On dry slopes, the cluster of pinkish white flowers nods at the end of a round stem 10–50 cm tall. When crushed, the leaves and stalks small strongly of onion.
Johnston reports the nodding onion and its relatives, prairie onion and wild chives, were all used by the Blackfoot. Gathered in May and June, they were eaten raw, cooked with meat, or dried for future use. He also relates Captain Meriwether Lewis’ reaction to the prairie onion in western Montana: “ ‘I met with great quantities of a small [sic] onion about the size of a musquit [sic] ball and some even larger; they were crisp, white and well flavoured. I gathered about half a bushel of them before the crews arrived.’ ” (23)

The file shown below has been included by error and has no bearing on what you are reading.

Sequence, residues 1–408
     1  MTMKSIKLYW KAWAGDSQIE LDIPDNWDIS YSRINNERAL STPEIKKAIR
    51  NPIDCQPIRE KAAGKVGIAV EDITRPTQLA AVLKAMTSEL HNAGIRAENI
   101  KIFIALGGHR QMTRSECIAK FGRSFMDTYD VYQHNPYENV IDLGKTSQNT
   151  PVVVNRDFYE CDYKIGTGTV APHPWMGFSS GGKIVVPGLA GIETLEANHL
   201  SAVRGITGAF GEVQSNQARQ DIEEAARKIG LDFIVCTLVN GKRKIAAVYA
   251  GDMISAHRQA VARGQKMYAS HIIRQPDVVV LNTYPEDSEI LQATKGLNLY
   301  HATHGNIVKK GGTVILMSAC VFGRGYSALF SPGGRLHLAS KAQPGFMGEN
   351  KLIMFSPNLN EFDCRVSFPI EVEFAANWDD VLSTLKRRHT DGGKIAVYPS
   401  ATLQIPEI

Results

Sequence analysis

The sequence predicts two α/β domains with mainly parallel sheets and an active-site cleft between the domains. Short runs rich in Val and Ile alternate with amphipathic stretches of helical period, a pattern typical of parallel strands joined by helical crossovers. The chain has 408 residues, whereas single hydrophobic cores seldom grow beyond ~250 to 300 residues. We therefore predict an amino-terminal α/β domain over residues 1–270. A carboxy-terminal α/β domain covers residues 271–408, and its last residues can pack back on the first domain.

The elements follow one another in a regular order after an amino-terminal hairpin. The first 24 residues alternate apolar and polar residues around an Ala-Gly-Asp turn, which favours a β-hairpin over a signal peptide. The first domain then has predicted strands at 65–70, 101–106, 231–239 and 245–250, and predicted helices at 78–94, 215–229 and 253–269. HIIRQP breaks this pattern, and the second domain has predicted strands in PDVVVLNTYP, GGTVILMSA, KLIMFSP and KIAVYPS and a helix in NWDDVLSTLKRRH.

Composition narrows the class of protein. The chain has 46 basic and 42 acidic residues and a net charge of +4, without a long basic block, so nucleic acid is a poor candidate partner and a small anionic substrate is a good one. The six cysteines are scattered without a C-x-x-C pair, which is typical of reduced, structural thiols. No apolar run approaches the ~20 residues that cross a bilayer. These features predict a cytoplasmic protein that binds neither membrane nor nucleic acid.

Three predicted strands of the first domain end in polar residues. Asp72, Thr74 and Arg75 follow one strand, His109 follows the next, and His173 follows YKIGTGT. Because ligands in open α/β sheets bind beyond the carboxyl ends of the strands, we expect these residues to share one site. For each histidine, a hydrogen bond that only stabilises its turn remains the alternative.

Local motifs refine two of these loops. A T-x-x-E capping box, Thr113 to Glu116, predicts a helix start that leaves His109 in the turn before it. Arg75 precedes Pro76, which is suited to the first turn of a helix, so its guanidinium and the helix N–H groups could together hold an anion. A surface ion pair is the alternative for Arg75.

To be added soon.
Johnston, Alex. 1987. Plants and the Blackfoot. Occasional Paper No. 15., Lethbridge Historical Society, AB.